According to Honolulu Civil Beat, Hawaii’s $90 million aquaculture industry is predicting significant growth over the next five years and is calling on legislators to help. Sales of Hawaii’s aquaculture products jumped by 12% in 2022, and production has more than tripled in the past 20 years, according to the U.S. Department of Agriculture, bucking the statewide trend of declining agriculture.
The potential for the industry is boundless, industry insiders told the Hawaii AgriFood Summit last week, and aquaculture has the potential to diversify Hawaii’s economy and increase local food production.
Algae and fish farming featured prominently in discussions at the two-day summit, with speakers considering everything from the use of algae-based feed for cattle to developing technologies for more sustainable fish farms.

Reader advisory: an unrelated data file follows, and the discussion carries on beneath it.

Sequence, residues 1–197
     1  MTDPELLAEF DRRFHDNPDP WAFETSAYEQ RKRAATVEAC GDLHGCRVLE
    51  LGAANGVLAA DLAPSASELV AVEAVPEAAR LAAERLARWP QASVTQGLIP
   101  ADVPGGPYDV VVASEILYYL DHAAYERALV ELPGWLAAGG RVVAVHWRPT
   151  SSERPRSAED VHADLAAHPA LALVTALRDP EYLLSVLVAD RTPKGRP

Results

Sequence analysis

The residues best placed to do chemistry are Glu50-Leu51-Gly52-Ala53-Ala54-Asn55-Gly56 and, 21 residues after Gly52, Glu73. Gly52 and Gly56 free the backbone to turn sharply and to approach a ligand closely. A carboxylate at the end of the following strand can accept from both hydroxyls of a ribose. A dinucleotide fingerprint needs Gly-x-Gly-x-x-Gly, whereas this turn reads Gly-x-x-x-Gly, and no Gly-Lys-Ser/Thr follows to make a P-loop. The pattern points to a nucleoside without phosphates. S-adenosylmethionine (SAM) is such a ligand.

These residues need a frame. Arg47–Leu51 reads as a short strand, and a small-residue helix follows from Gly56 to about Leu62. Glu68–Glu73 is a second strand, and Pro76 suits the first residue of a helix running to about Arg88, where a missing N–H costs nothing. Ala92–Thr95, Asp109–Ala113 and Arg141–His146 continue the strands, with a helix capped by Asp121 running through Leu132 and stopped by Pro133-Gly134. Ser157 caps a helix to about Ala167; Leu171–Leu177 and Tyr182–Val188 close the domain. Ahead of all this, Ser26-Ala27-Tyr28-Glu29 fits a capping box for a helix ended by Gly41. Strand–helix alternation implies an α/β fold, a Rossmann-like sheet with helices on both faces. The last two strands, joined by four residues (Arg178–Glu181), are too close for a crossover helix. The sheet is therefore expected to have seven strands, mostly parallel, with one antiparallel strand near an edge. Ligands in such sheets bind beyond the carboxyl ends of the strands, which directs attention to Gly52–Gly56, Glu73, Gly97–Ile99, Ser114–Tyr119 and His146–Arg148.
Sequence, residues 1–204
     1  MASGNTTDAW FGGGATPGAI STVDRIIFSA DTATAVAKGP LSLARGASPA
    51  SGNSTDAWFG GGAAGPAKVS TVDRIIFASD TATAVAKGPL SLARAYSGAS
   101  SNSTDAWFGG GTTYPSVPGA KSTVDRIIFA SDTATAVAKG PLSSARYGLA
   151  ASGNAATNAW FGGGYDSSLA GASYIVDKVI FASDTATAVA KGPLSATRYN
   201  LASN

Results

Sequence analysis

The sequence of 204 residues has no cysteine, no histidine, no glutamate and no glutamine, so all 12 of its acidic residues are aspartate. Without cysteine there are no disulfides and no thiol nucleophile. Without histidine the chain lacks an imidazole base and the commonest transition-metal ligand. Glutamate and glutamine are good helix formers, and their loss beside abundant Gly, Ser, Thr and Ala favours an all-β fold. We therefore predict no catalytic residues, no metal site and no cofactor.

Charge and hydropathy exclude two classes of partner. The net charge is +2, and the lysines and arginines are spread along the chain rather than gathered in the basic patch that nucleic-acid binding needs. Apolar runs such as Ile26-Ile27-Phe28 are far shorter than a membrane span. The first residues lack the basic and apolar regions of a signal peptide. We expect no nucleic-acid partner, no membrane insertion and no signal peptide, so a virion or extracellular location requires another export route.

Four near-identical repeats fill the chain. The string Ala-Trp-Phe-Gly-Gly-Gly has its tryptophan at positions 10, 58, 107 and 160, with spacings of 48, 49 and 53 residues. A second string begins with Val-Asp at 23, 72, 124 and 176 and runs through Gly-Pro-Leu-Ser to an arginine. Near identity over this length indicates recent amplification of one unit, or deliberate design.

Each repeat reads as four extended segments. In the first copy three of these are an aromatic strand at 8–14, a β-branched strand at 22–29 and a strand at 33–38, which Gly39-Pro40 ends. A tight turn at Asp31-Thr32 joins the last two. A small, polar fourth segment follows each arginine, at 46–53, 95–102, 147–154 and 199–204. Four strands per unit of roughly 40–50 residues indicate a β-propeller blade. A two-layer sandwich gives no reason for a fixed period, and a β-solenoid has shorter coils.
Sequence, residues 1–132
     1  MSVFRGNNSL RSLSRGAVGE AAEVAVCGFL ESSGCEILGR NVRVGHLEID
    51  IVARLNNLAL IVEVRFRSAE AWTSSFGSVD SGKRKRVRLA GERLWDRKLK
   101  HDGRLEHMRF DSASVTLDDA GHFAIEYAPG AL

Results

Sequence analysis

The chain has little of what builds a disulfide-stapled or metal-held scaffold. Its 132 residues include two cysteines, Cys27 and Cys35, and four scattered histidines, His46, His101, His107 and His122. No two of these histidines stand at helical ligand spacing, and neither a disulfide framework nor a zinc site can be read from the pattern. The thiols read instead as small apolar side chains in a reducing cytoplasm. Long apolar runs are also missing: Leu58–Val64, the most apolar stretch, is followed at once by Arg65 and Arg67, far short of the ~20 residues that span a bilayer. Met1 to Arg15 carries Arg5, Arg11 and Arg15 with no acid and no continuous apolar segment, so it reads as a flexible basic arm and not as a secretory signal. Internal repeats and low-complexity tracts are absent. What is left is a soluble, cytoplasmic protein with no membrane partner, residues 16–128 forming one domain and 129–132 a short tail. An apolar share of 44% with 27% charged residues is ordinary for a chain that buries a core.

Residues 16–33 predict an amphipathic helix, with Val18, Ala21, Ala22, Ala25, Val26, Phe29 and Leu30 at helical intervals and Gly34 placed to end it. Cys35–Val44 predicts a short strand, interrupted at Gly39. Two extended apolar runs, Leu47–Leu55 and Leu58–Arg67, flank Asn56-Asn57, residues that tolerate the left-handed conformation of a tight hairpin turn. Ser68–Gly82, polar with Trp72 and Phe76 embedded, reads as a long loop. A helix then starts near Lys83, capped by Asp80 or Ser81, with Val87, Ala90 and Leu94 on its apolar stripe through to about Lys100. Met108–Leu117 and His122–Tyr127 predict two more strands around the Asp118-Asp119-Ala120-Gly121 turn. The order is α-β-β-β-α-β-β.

“I often think that we don’t get enough credit for how much we’ve achieved in aquaculture,” Hawaii Aquaculture and Aquaponics Association president Ron Weidenbach said at the conference.
The value of algae
Hawaii has been responsible for some of the biggest innovations in global aquaculture, including developing the $30 million per year export industry with SPF brood shrimp. It also hosts the only offshore fish farm in the country. One of the state’s most valuable crops overall is algae, worth almost $45.4 million last year, according to USDA.
Read the entire article at Honolulu Civil Beat